Rare ragas and kritis were explored by Parur M.S. Anantharaman. RENUKA SURYANARAYAN
The 1940s. Pandit Ravi Shankar entered a by-lane in Chennai to meet Parur Sundaram Iyer, the doyen of the Parur School. He stayed on to play for four hours and later listen in rapt attention as the musicians in that home played. That friendship remained.
As a tribute to the maestro, Parur M.S. Anantharaman, M.A. Sundareswaran and M.A. Krishnaswamy sang and played on the violin ‘Shyam More’ in Desh. The precursor was a sublime Desh raga alapana by Anantharaman.
“There is no kaisiki nishada in Pt. Ravi Shankar’s version of Desh in ‘Shyam More’ and that’s the speciality,” commented the 90-year-old Anantharaman even as his fingers wielded the bow with practised ease.
The entrancing Desh was the concluding part of some rare compositions at the lec-dem at The Music Academy by the trio of the Parur School. Earlier Anantharaman rendered a pristine Hamir Kalyani while going on to demonstrate the song ‘Parimala Ranganatham.’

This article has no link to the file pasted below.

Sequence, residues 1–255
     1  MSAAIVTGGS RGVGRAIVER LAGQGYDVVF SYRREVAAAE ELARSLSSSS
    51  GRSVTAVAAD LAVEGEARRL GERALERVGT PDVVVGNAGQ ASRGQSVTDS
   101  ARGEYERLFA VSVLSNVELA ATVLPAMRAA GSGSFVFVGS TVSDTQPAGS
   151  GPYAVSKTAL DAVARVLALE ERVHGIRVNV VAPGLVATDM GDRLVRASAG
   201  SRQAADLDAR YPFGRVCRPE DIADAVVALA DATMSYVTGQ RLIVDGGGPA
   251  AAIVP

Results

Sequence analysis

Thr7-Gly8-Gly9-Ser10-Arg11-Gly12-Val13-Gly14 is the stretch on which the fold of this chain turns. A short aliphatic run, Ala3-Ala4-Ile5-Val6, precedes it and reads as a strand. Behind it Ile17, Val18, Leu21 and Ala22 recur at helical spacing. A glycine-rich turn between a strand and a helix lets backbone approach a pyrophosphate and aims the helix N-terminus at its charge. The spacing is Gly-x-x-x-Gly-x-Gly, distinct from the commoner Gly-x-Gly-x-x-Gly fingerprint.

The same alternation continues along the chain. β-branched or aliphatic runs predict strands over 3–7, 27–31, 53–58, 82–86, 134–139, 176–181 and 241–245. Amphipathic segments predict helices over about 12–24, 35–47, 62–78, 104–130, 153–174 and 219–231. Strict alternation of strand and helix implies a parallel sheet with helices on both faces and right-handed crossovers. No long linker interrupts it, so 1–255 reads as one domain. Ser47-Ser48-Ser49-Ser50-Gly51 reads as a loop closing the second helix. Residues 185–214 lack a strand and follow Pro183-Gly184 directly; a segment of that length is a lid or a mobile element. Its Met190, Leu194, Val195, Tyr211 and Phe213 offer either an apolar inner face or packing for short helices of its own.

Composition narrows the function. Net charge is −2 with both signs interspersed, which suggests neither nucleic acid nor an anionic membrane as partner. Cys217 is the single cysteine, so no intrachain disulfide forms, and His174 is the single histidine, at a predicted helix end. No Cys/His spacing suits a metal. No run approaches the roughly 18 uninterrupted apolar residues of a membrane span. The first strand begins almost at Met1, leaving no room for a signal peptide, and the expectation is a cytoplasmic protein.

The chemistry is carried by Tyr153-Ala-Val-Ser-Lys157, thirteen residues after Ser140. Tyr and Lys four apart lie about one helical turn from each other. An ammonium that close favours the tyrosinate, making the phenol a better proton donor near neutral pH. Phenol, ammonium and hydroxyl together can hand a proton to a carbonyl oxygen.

Mangala Kaisiki is rare raga in that it uses both the madhyamas (shudda and prathi). “If we go by its name, this raga must have been sung on auspicious occasions such the oonjal. This raga is more than a 1,000 years old,” explained Anantharaman. Mangala Kaisiki’s arohana and avarohana go like this… ‘srmgdpsns – sndpmgrs.’
The violin trio began with a Bhairavi varnam ‘Vanitha Ninne,’ containing rare phrases leaving out the panchama and the shadja. They went on to regale the audience with an uncommon Tyagaraja kriti in the raga Jhala Varali.